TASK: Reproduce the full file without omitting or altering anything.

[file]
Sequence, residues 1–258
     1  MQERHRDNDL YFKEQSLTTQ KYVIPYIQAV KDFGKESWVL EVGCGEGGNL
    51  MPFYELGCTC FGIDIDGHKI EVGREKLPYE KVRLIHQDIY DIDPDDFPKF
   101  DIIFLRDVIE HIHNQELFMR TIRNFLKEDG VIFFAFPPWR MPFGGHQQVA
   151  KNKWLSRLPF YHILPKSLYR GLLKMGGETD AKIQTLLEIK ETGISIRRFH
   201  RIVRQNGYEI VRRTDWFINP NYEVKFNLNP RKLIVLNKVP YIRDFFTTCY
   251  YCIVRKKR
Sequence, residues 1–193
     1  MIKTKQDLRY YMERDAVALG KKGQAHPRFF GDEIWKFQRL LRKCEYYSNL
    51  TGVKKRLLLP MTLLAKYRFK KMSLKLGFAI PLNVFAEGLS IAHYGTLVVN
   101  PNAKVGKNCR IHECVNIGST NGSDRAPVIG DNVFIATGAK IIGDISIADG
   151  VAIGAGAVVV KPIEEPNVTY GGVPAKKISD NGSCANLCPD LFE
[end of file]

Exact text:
Sequence, residues 1–258
     1  MQERHRDNDL YFKEQSLTTQ KYVIPYIQAV KDFGKESWVL EVGCGEGGNL
    51  MPFYELGCTC FGIDIDGHKI EVGREKLPYE KVRLIHQDIY DIDPDDFPKF
   101  DIIFLRDVIE HIHNQELFMR TIRNFLKEDG VIFFAFPPWR MPFGGHQQVA
   151  KNKWLSRLPF YHILPKSLYR GLLKMGGETD AKIQTLLEIK ETGISIRRFH
   201  RIVRQNGYEI VRRTDWFINP NYEVKFNLNP RKLIVLNKVP YIRDFFTTCY
   251  YCIVRKKR
Sequence, residues 1–193
     1  MIKTKQDLRY YMERDAVALG KKGQAHPRFF GDEIWKFQRL LRKCEYYSNL
    51  TGVKKRLLLP MTLLAKYRFK KMSLKLGFAI PLNVFAEGLS IAHYGTLVVN
   101  PNAKVGKNCR IHECVNIGST NGSDRAPVIG DNVFIATGAK IIGDISIADG
   151  VAIGAGAVVV KPIEEPNVTY GGVPAKKISD NGSCANLCPD LFE